S. Maarschalkerweerd & A. Tjhang19 Design of the structure Design: how to connect states by transitions A good HMM is based on the knowledge about the problem under investigation Local maxima are biggest disadvantage in models that are fully connected After deleting a transition from model Baum- Welch will still work: set transition probability to zero

S. Maarschalkerweerd & A. Tjhang20 Example 1 Geometric distribution p 1-p

S. Maarschalkerweerd & A. Tjhang21 Example 2 Model distribution of length between 2 and 10

S. Maarschalkerweerd & A. Tjhang22 Example 3

S. Maarschalkerweerd & A. Tjhang23 Silent states States that do not emit symbols Also in other places in HMM B 

S. Maarschalkerweerd & A. Tjhang24 Example Silent states

S. Maarschalkerweerd & A. Tjhang25 Silent states Advantage: – Less estimations of transition probabilities needed Drawback: – Limits the possibilities of defining a model

S. Maarschalkerweerd & A. Tjhang26 More complex Markov chains So far, we assumed that probability of a symbol in a sequence depends only on the probability of the previous symbol More complex – High order Markov chains – Inhomogeneous Markov chains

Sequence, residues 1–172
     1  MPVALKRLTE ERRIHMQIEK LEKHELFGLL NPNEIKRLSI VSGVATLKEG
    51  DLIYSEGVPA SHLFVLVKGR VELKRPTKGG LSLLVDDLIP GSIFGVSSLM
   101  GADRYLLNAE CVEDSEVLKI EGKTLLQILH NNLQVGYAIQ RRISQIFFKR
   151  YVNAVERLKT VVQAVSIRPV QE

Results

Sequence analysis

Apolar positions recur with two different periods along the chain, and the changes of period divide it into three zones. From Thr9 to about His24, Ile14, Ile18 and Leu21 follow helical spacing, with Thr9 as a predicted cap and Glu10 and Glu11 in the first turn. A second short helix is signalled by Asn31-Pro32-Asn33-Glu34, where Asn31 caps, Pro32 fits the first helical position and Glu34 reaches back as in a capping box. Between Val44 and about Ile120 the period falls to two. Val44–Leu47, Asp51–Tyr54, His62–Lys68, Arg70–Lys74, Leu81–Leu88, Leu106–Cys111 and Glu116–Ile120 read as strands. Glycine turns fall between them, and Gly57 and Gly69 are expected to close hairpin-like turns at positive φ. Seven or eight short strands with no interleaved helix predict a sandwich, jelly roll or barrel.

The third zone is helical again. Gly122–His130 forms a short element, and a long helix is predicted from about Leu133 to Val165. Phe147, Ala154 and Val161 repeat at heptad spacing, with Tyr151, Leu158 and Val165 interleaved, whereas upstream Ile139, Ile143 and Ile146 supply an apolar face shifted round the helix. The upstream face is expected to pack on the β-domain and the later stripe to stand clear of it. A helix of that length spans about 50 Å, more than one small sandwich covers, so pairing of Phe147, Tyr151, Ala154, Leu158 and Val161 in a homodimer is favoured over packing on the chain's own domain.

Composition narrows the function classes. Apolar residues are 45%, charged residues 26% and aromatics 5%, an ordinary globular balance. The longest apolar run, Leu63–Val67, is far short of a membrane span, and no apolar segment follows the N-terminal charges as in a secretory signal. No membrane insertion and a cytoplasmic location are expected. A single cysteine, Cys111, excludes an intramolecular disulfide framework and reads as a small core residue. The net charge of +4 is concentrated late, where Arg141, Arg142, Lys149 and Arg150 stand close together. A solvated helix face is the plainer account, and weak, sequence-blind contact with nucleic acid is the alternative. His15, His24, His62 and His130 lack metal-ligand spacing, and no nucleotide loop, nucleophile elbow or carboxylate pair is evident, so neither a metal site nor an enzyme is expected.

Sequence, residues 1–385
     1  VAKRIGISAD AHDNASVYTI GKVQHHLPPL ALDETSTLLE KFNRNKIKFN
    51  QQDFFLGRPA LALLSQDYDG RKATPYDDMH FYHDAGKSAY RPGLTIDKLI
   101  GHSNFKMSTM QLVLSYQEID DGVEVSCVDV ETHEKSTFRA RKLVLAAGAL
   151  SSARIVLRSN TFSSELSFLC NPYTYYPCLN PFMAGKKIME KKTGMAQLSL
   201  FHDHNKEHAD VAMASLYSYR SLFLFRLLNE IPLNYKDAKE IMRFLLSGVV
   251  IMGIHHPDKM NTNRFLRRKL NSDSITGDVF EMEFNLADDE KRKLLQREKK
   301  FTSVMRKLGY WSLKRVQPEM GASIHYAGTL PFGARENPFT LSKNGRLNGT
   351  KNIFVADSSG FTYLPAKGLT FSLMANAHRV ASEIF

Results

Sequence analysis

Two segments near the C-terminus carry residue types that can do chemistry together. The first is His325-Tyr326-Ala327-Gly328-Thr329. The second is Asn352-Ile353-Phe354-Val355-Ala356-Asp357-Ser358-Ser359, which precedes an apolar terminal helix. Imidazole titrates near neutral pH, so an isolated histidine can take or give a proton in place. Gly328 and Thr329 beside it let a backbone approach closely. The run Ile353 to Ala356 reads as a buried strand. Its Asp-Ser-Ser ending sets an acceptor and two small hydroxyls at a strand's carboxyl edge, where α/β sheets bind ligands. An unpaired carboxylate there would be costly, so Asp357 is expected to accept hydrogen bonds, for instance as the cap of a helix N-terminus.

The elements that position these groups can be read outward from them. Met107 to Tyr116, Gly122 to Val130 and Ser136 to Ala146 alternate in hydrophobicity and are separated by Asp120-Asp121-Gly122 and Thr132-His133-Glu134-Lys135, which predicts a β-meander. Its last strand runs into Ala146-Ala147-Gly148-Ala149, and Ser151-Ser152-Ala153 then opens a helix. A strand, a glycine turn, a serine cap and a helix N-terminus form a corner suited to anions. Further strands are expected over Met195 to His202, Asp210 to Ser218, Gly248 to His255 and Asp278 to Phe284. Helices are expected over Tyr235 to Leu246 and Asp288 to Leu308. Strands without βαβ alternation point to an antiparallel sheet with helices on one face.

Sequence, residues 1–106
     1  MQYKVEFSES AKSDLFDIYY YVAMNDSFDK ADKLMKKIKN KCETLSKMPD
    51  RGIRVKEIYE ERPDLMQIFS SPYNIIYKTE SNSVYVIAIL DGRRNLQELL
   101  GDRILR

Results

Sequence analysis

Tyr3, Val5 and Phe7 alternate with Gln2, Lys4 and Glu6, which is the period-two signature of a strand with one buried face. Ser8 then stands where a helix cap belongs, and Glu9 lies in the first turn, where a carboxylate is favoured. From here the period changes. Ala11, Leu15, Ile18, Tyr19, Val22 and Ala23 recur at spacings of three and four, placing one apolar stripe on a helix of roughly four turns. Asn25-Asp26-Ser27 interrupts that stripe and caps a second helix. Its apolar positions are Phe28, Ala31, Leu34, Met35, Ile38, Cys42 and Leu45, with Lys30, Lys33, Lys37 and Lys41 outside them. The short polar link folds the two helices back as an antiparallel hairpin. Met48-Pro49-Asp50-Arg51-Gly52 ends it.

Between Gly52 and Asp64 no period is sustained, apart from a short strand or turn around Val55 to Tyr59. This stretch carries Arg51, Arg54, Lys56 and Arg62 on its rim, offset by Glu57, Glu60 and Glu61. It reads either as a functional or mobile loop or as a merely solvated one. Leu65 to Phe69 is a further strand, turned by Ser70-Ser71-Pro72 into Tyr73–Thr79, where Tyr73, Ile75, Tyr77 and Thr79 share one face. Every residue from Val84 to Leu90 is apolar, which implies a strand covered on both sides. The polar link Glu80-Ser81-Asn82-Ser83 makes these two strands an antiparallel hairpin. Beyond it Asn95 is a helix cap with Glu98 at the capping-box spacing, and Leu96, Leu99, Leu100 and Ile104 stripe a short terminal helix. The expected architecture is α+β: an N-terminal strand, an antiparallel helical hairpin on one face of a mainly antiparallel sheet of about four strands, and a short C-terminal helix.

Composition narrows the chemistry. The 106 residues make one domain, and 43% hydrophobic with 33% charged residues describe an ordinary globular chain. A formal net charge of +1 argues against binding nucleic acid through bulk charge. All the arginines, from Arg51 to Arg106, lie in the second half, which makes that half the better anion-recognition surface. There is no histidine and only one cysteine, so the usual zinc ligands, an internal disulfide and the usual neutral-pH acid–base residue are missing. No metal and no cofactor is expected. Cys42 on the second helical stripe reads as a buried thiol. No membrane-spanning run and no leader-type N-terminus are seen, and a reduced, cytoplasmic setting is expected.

S. Maarschalkerweerd & A. Tjhang27 High order Markov chains An nth order Markov process Probability of a symbol in a sequence depends on the probability of the previous n symbols An nth order Markov chain over some alphabet A is equivalent to a first order Markov chain over the alphabet A n of n- tuples, because P(AB|B) = P(A|B)

S. Maarschalkerweerd & A. Tjhang28 Example A second order Markov chain with two different symbols {A,B} This can be translated into a first order Markov chain of 2-tuples {AA, AB, BA, BB} Sometimes the framework of high order model is convenient